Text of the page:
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The ISPCA has welcomed animal welfare commitments included in the new Programme for Government

The ISPCA has welcomed the animal welfare commitments included in the Programme for Government published yesterday (Monday 15th June) including the commitment to double the funding for animal welfare organisations who carry out vital work rescuing, rehabilitating and responsibly rehoming dogs, cats, horses, donkeys and other animals.

We would like to thank the Green Party, Fine Gael and Fianna Fail for including a progressive animal welfare programme and we will work with the coalition government to ensure that these commitments are delivered. While there are many positives for the welfare pet animals, equines, farm animals and wild animals (see below) we are disappointed that prohibition on hare coursing and live exports to non-EU countries were not included. However, we realise that the commitments are a compromise.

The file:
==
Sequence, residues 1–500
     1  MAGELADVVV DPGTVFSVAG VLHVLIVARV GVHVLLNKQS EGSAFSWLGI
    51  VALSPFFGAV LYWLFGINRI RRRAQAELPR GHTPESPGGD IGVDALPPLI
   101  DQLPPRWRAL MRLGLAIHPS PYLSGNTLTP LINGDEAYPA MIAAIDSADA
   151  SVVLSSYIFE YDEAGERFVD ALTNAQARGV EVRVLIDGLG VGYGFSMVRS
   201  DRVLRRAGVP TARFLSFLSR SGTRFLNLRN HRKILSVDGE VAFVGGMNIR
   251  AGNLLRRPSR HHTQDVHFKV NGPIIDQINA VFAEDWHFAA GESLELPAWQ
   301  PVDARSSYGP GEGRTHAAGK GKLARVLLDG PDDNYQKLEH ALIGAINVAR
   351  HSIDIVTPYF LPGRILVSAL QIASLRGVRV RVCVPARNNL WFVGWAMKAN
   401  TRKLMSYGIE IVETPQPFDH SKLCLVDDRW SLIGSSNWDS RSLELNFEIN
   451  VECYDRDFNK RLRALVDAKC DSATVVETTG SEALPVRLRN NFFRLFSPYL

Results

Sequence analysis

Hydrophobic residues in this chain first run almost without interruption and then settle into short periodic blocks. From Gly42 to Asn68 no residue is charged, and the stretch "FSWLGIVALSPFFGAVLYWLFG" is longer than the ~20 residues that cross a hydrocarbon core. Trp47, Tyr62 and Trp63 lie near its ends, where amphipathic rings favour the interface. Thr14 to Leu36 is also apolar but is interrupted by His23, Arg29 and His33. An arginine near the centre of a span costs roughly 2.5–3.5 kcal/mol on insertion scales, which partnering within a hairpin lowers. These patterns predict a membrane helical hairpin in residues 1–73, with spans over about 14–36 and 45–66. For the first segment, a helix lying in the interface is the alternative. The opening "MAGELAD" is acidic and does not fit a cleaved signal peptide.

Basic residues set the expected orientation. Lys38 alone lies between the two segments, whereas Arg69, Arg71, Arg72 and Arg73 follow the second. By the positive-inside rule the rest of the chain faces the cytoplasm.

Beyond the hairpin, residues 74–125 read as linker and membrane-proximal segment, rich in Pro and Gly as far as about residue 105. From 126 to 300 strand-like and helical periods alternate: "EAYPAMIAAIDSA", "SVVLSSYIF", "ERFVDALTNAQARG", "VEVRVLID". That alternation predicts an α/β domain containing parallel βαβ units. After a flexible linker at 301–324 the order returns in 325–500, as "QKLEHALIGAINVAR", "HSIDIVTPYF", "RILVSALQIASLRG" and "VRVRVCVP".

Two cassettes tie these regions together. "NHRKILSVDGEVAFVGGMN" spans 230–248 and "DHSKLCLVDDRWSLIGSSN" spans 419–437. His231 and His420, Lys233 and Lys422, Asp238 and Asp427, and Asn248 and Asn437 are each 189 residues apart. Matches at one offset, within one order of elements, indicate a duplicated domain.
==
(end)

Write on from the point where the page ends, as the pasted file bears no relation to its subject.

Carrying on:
On pet animals, the ISPCA is pleased to see a commitment to promote responsible pet ownership. This could be done by introducing a responsible pet ownership module to the national school curriculum. We are also pleased to see a commitment to ensure the robust enforcement of the Animal Health and Welfare Act and a review of the sentencing regime underpinning the legislation. Ireland has some of the toughest penalties for animal welfare offences in the EU, but penalties handed down by courts have been inconsistent and do not act as a deterrent. ISPCA Inspectors are authorised officers under the Animal Health and Welfare Act and deal with horrific cruelty to animals on a daily basis. We hope to see proper funding of the ISPCA Inspectorate to allow the ISPCA to recruit a sufficient number of Inspectors to be able to cover the whole country as recommended by the Joint Agriculture Committee in 2016. We are also pleased to see a commitment to robustly and consistently enforcing the Dog Breeding Establishments Act. While we do not want to tar all dog breeders with the same brush, there are a significant number of rogue breeders in Ireland who do not come up to acceptable animal welfare standards and who use dubious selling techniques to fool unwary consumers. While we would like to see a national, independent inspection regime for dog breeding establishments we are pleased that a review of the dog breeding legislation is already under way and we hope to see the legislation strengthened as a result.